EDWARDSVILLE — Many are calling it Edwardsville's "It's a Wonderful Life" moment.
"We're not literally walking in with piggy banks in hand, we're doing it electronically," said Trina Vetter, a longtime customer of Once Upon a Toy.
By 8 p.m. Thursday, the residents and small businesses of Edwardsville had succeeded in raising the more than $75,000 to save the bright-purple toy store from closing.
All week the town has rallied around the store. First Mid-Illinois Bank planned to call its business loan and owner Shawnta' Ray would have to close her doors. The unusual toy store has been an Edwardsville mainstay for 26 years, though Ray had purchased it from the original owner in 2006.
On Tuesday, volunteers launched an account at a crowd-funding website called CrowdTilt. Donations poured in from customers and friends, quickly reaching five digits. The goal was set at $76,875 to cover the website fee.
Late that day, the bank agreed that if the store could raise $75,000 by the end of the day Friday, the bank would not call the loan.
Vetter and other customers fanned out across the Edwardsville-Glen Carbon area and got other small businesses to donate. Dozens of restaurants, shops and services pledged their own money or a percentage of their sales to the cause, and "Save the Toy Store" signs cropped up across town.
Shortly after 8 p.m., a donation from Ann Tosovsky tipped the balance. Once Upon a Toy had raised tens of thousands, all within 72 hours.
Across town, people were talking about "Save the Toy Store" and seeking out businesses in support.
The lunch crowd at Wang Gang was larger than usual. Owner Ryan O'Day estimated his sales at 50 percent higher than usual for dinner on Wednesday and lunch on Thursday, which he attributes to his pledge of 10 percent of those salesto the toy store.
O'Day said it's not just sympathy to another embattled small company: It's also good business.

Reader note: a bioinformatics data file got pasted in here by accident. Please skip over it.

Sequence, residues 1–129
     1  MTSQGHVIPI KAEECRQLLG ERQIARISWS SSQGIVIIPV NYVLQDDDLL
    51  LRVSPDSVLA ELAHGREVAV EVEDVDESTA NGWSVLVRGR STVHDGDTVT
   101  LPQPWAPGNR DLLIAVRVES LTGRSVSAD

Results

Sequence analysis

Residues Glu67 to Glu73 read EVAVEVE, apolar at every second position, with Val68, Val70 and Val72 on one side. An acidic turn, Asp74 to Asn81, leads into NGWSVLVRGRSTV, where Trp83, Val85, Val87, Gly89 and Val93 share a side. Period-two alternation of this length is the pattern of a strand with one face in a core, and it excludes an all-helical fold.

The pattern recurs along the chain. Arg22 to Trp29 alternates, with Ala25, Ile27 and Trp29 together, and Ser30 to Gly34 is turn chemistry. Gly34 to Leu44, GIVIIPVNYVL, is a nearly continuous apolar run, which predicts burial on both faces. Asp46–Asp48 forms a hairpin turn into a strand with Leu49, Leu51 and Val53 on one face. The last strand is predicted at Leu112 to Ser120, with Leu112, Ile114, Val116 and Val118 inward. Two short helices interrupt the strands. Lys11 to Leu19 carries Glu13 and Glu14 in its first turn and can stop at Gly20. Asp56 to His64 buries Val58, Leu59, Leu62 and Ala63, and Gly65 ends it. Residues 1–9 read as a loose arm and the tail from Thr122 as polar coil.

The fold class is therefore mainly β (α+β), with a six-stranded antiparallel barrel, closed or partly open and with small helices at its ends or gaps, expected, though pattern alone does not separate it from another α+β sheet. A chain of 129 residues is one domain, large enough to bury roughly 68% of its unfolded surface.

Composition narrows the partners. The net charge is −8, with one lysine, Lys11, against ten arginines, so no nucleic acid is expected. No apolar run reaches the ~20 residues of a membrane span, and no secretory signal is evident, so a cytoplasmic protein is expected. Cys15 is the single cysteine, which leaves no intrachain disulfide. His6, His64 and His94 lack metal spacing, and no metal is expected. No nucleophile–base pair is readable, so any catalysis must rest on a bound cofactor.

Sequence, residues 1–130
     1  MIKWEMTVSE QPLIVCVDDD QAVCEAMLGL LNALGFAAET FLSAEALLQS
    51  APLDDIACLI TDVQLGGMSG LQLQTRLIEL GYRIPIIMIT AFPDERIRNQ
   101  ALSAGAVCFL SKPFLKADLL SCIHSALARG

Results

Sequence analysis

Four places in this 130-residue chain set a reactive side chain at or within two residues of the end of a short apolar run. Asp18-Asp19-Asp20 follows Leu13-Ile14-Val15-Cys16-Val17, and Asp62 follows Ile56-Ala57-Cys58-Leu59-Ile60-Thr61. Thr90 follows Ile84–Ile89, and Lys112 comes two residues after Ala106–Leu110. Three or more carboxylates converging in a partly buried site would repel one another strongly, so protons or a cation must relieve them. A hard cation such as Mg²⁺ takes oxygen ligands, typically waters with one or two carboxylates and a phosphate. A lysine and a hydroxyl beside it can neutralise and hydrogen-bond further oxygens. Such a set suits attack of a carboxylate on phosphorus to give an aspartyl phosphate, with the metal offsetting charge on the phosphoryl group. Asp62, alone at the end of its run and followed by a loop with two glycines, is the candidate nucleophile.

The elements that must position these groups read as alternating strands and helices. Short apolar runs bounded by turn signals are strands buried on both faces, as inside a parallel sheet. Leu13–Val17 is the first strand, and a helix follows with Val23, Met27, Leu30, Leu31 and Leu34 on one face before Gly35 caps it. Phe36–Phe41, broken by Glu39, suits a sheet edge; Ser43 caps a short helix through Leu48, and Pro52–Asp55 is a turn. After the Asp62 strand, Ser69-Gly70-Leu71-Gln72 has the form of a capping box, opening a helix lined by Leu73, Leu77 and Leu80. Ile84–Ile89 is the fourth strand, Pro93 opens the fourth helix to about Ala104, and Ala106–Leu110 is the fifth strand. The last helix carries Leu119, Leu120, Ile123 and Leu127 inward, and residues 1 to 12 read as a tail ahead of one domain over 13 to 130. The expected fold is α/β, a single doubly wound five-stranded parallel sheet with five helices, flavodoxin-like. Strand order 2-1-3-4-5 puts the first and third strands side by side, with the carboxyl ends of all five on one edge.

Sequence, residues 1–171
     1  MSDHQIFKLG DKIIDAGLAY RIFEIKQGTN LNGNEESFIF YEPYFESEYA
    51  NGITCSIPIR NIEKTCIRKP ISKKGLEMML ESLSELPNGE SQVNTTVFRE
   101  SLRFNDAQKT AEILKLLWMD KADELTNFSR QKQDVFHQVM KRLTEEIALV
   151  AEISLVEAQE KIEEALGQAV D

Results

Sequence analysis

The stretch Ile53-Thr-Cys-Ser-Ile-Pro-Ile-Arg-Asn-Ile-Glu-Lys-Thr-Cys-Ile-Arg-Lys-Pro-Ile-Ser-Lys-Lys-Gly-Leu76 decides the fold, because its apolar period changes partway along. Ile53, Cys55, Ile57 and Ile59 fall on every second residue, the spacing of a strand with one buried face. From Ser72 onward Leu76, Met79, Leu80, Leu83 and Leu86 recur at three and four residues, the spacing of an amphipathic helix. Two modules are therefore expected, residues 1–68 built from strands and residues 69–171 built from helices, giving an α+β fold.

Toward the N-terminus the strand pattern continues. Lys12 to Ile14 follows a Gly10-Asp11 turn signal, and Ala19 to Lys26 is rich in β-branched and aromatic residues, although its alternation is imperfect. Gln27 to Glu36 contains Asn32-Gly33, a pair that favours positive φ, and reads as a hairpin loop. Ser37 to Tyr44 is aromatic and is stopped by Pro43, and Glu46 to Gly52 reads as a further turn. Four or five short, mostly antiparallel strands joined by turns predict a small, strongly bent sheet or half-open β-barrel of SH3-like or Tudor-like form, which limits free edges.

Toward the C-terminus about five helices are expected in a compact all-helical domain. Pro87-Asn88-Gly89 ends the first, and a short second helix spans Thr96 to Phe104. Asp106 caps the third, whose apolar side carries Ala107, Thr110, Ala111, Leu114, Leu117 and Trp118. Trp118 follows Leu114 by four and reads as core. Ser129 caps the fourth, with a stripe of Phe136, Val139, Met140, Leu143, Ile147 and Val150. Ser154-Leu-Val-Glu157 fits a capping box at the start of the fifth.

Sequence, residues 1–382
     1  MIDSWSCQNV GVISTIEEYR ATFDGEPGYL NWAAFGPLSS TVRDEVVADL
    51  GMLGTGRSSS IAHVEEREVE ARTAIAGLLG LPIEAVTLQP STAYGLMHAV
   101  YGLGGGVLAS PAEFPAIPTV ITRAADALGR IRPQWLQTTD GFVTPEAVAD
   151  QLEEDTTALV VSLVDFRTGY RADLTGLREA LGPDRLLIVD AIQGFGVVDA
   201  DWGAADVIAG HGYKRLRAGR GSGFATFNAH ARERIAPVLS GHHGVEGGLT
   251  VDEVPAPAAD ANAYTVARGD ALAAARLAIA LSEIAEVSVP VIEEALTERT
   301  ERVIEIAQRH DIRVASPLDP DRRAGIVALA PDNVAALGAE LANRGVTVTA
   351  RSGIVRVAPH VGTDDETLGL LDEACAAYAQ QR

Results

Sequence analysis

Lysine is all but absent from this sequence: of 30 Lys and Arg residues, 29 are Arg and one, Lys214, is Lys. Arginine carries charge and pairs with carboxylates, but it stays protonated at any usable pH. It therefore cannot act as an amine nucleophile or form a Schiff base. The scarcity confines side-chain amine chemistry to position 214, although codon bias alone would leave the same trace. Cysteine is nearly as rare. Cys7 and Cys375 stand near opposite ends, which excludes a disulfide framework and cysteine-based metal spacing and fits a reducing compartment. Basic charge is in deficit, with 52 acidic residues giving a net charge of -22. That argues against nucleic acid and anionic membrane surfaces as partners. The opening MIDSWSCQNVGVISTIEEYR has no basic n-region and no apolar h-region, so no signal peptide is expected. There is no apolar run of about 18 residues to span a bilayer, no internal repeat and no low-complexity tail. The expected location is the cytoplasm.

"The more alive a strip is, the more business it brings. The more alive a community is, the more business it brings," O'Day said.
Mary Burke, owner of Olive Oils & More, said after moving her business across town recently, she "feels their pain," and likewise is donating 10 percent of sales.
"I can tell you most larger landlords are looking for national companies, not small businesses," Burke said. "If I can do anything to help support another small business, I will."
TorHoerman Law, a Chicago law firm with an Edwardsville branch office got in on the action Thursday, donating $1,000 to the cause.
Papa Murphy's Pizza offered 30 percent of all orders from those who mention the toy store while ordering, and lines were out the door as dinnertime approached. Annie's Custard, What to Wear, Studio 11, To-Do's Party Supply, Bin 51, Avon at St. Clair Square, Tot Spot and Ooh La La are some of the other businesses donating.
Even at Beyond Timbuktu, a curio and import shop that closed its doors last week, there was a giant sign telling customers to go spend their money at Once Upon a Toy. Owner Andi Smith used her FaceBook page to offer a match of her customers' donations up to $1,000 -- which took less than an hour.
"When you're a small business owner, it's personal," Smith said. "All of us struggle, and it breaks your heart. ... I was closing because I wanted to close. I was tired. They were getting the rug pulled out from under them.
"We are a small town, and we can make a difference," Smith said.
Kara Beyers, mother of two, went around to the participating businesses Thursday and gave them bright purple balloons -- just like the purple walls of Once Upon a Toy.
"It's a place where I grew up, and it's special to me and my kids," Beyers said. "You can't get that experience at Toys R Us. We have to support our local businesses, and not just when they're hurting."
It's not just a store, Beyers said, it's an experience. She said it's important as an example to children, too. "We welcome growth, but we also want to support the businesses at the heart of this community," she said.
And the toy store is simply a special place, they said.
"It's like (the TV show) 'Cheers,' they always know your name -- and your kids and what you've bought in the past," Vetter said. "This is passionate. This is from the heart. This is personal."
Thursday was the 10th wedding anniversary for Shawnta' Ray and her husband, Rick Harmon. They could not be reached for comment.
Contact reporter Elizabeth Donald at firstname.lastname@example.org or 239-2501.